Photos – Simon Pynt
Spare Parts Puppet Theatre isn’t afraid to tackle the big subjects. Their current production, a stage adaptation by Peta Murray of Tim Winton’s short novel Blueback, takes a deep dive into the subjects of death, ecology and environmental protection. Is it too much for kids to handle? Not a chance.
As always, Spare Parts is gentle in its presentation of these challenging subjects in Blueback. Director Philip Mitchell’s approach is straightforward but creatively expressed, so that these challenging issues are handled with appropriate care, but in a way that sparks the imagination. Not everything is spelled out for its audience, whether it be for the adult contingent or the under 18 set, but it doesn’t need to be. Spare Parts realises that kids understand far more than we often give them credit for, and we don’t always need to shield them from the darker shades of life. They also realise that adults could use gentle reminders of the important things, never forgetting that the show needs to engage the grown-ups as well as the kids.
Blueback tells the story of a young boy named Abel and his mother as they grow older in fictional Longboat Bay. Abel gets to know a blue groper, which he and his mother name Blueback; as Abel grows older, he and the fish seem to come to an understanding despite the gulf between their species. He wonders to himself how long Blueback has been alive, and what kinds of things the fish has seen come and go in his time.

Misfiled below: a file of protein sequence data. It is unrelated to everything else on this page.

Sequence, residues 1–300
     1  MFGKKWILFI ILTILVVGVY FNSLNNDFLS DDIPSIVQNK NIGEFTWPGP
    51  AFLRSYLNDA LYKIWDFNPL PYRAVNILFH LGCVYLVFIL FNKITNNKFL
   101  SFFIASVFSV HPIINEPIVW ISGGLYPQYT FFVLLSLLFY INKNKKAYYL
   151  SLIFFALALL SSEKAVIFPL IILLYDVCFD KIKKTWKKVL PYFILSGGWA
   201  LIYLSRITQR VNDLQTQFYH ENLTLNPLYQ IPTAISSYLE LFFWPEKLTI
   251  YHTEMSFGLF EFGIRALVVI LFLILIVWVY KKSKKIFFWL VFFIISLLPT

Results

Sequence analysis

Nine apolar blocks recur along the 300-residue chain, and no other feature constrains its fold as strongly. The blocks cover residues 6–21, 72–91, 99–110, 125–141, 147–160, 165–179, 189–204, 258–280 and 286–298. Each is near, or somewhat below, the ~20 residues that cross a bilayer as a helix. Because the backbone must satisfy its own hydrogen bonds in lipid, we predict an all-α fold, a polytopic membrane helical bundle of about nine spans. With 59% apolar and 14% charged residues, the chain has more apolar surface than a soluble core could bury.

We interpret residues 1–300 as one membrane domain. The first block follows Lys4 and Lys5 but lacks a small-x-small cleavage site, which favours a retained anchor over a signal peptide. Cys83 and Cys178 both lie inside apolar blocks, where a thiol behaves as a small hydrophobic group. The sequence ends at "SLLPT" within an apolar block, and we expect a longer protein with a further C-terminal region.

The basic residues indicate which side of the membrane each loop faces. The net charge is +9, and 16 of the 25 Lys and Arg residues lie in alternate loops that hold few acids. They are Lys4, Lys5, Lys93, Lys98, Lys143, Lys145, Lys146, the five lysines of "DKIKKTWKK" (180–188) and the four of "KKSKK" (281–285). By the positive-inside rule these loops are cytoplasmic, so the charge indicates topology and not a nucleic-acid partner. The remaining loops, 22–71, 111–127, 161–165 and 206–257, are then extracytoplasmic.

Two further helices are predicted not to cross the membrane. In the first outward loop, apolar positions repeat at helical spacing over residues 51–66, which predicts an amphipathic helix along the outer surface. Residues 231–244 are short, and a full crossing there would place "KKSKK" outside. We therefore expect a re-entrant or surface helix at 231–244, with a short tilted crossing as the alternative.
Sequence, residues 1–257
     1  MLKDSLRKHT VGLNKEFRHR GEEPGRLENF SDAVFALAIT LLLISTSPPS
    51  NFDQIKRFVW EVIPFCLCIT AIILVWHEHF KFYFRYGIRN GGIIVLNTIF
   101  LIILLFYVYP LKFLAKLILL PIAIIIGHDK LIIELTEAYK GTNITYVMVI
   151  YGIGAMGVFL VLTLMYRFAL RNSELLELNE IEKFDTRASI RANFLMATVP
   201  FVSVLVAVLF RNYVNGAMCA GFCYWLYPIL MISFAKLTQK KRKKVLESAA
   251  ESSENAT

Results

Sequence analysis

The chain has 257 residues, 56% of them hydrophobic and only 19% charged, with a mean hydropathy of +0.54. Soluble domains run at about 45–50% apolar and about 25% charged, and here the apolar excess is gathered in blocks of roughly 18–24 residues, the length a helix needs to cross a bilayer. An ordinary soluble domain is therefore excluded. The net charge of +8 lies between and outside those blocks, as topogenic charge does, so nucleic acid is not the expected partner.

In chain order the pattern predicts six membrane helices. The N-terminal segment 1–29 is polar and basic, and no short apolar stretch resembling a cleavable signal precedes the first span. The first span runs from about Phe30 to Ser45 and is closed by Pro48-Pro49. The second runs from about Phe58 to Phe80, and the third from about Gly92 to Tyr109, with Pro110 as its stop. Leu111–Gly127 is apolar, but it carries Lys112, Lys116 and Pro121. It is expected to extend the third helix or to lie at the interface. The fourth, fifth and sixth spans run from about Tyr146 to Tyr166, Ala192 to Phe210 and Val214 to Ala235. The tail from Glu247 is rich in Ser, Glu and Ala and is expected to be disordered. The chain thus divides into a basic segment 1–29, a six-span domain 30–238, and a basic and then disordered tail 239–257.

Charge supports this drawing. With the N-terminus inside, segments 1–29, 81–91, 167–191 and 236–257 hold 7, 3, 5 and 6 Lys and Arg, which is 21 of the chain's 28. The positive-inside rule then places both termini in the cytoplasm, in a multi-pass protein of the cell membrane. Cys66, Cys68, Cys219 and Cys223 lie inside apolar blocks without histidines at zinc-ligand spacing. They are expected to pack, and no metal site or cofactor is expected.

Pondering this question enables the boy to come to an understanding about life and death, and he goes on to make the study of the sea his mission as an adult. His mother stays at Longboat Bay, watching subtle changes in the water’s ecology, fretting about overfishing by a new abalone fisherman, fending off developers, and eventually persuading the government to put the area under protection.
The show lays a good framework for raising kids’ awareness of the environmental issues that we face in the 21st century while it entertains. The puppets, built by Greg Methe, set pieces designed by Hanna Parssinen, and props are all in good hands with performers Bec Bradley and St John Cowcher, who shared the Spare Parts stage in last year’s Farm. They’re agile and fluid, which is a necessity when playing an eel or a fish. There are a few moments of humour, but this is mostly a bittersweet piece that encourages reflection and inquiry. It serves as a gentle warning to take care of our coastline and fight for the preservation of its health and unique beauty.
Spare Parts Puppet Theatre presents
by Tim Winton | adapted by Peta Murray
Director Philip Mitchell
Venue: Spare Parts Puppet Theatre | 1 Short Street, Fremantle (opposite train station)
Dates: July 4 – 18, 2015
Times: Monday to Saturday 10am and 1pm daily (no shows Sundays or Public Holidays) and two evening performances at 6.30pm on Wed July 8 and Fri July 17.
Tickets: $20 – $24
Duration: 50 minutes
Bookings: www.sppt.asn.au | 9335 5044
Recommended for ages 5 and above